Tropical Animal Health and Production

, Volume 44, Issue 7, pp 1411–1415 | Cite as

Carcass quality and meat tenderness of Hawaii pasture-finished cattle and Hawaii-originated, mainland feedlot-finished cattle

  • Yong Soo KimEmail author
  • Glen Kazumi Fukumoto
  • Sunae Kim
Original Research


The objective of this study was to compare the carcass quality and meat tenderness of Hawaii cattle finished on subtropical pasture with those of mainland US feedlot-finished cattle that were shipped from Hawaii after weaning. Rib-eye steak samples were collected from 30 feedlot-finished cattle harvested at a slaughter house in Washington State, USA and from 13 subtropical pasture-finished cattle harvested at a local slaughter house in Hawaii, then shipped to meat science laboratory at the University of Hawaii, Manoa. Samples were aged for 2 weeks at 4°C and frozen for later proximate analysis and meat tenderness measurement. Feedlot-finished cattle had significantly heavier carcass weight (353 vs 290 kg) and thicker backfat (13.5 vs 6.6 mm), but no significant difference was observed in rib-eye area between the two groups. Marbling score (Small) and United States Department of Agriculture quality grade (Choice) of the pasture-finished beef were not significantly (P < 0.05) different from those of feedlot-finished beef. The shear force value of pasture-finished beef (5.18 kg) was not statistically different (P < 0.05) from that of feedlot-finished beef (4.40 kg). In conclusion, results of this study suggest that Hawaii cattle finished on subtropical pasture produced as tender beef as mainland feedlot-finished cattle with less intramuscular fat.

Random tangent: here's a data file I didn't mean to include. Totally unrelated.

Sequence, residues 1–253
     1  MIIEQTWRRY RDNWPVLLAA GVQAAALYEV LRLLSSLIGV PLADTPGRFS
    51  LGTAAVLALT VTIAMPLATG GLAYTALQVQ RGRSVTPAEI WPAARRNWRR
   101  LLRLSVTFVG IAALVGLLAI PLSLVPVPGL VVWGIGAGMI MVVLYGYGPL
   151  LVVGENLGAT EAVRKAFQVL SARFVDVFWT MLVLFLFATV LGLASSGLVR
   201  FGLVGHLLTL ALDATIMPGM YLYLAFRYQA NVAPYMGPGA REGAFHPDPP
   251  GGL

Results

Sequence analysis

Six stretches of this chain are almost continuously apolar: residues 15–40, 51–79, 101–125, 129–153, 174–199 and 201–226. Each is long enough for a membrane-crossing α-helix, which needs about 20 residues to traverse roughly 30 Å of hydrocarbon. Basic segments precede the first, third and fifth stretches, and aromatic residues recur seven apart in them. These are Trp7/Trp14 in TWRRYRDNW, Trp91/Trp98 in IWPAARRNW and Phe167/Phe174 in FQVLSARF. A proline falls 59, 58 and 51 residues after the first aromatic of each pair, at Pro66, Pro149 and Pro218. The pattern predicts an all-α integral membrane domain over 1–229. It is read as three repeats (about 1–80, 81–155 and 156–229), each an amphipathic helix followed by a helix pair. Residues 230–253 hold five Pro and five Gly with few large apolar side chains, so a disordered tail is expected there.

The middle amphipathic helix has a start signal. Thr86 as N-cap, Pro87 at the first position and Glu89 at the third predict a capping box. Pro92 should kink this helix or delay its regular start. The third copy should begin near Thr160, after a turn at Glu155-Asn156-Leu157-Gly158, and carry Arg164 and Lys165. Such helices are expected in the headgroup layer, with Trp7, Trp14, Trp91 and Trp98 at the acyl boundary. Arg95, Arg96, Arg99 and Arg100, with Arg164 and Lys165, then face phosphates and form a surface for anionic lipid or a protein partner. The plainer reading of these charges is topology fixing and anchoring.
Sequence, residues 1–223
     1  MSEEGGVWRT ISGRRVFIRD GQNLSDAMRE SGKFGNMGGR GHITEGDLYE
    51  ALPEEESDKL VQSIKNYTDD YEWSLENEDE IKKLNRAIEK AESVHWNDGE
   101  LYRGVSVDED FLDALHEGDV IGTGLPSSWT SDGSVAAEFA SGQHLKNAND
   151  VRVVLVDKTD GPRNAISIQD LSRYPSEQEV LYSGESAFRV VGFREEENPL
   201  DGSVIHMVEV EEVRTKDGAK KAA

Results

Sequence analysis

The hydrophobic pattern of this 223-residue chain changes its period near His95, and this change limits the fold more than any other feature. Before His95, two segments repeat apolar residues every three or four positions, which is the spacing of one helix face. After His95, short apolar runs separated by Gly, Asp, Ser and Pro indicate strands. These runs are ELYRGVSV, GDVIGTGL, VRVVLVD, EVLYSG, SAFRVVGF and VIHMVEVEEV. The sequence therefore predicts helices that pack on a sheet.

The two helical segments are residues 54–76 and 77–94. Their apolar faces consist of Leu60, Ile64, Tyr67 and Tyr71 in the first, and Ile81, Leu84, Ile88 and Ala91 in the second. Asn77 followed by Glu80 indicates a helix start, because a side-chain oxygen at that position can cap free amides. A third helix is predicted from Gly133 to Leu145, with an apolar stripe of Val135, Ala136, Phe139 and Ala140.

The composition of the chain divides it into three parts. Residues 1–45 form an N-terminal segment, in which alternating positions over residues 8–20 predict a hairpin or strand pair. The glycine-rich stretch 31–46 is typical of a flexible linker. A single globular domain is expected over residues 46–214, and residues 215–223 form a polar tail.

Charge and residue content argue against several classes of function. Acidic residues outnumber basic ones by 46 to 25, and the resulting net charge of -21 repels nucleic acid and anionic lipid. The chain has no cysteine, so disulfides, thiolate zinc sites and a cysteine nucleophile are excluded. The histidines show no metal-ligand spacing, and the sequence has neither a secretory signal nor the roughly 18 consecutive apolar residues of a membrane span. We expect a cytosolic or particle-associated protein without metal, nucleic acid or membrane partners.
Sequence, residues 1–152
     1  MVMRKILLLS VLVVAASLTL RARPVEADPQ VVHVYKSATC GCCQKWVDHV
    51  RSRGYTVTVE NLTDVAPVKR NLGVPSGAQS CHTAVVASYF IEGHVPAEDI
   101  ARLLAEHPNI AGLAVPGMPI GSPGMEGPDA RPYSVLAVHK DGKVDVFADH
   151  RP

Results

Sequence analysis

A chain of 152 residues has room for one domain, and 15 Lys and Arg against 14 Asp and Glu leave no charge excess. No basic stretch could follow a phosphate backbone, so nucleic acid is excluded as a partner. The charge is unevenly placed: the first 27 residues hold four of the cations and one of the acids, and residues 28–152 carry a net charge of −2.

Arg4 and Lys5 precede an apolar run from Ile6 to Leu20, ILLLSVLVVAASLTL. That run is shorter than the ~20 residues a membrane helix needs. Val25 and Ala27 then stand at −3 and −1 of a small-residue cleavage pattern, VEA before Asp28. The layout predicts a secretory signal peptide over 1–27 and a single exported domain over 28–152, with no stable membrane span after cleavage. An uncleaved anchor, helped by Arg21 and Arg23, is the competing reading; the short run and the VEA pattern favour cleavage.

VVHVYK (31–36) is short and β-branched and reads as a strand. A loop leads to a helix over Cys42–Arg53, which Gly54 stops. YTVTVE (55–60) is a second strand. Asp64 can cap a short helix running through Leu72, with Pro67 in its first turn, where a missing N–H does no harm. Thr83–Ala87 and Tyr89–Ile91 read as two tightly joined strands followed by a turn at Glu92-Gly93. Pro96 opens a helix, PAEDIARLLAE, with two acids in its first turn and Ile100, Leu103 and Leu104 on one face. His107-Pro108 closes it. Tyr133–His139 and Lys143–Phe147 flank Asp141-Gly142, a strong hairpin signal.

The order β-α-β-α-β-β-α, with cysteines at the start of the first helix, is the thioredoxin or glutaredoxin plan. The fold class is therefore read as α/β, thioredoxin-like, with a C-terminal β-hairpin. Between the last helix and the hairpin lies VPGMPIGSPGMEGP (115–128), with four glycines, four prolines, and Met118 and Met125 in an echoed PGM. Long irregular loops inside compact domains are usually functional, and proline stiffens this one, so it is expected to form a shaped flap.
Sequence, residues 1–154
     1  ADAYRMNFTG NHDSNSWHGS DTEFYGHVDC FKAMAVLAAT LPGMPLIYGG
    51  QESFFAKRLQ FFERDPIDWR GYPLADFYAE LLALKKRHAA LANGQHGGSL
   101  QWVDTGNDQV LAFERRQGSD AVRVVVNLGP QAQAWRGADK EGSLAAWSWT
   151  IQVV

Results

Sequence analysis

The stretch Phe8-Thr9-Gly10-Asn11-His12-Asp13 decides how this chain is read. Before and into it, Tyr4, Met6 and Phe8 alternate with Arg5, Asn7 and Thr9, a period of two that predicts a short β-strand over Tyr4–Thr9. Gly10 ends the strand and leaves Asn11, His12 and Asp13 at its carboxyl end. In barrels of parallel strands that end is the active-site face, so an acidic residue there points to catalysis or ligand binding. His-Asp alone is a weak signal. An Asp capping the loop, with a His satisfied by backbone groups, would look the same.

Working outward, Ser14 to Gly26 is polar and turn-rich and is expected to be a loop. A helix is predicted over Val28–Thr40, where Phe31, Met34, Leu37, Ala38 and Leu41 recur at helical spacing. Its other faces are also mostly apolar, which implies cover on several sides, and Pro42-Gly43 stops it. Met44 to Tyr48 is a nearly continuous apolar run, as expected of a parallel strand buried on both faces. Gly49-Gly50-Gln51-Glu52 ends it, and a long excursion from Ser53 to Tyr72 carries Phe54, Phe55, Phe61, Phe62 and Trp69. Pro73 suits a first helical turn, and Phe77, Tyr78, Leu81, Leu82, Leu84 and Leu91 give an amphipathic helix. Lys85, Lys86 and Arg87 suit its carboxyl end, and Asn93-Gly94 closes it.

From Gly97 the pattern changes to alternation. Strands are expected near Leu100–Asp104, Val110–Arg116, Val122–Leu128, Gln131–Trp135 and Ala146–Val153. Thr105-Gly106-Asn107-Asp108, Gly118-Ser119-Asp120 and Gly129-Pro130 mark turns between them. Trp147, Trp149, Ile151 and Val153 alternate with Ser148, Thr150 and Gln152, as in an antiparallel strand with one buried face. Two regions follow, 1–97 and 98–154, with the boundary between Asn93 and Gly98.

Meat tenderness Carcass characteristics Pasture finishing Feedlot finishing Subtropical pasture 



The authors acknowledge Kulana Foods, Inc. (Hawaii County), Bruneau Cattle Co (Bruneau, ID, USA), and Tyson slaughter plant (Pasco, WA, USA) for their collaboration during sample collection. This project was supported by a USDA CSREES Special Grant, Hawaii Agricultural Diversification 2004.


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Copyright information

© Springer Science+Business Media B.V. 2012

Authors and Affiliations

  • Yong Soo Kim
    • 1
    Email author
  • Glen Kazumi Fukumoto
    • 2
  • Sunae Kim
    • 1
  1. 1.Department of Human Nutrition, Food and Animal SciencesUniversity of HawaiiHonoluluUSA
  2. 2.College of Tropical Agriculture and Human ResourcesUniversity of HawaiiKealakekuaUSA

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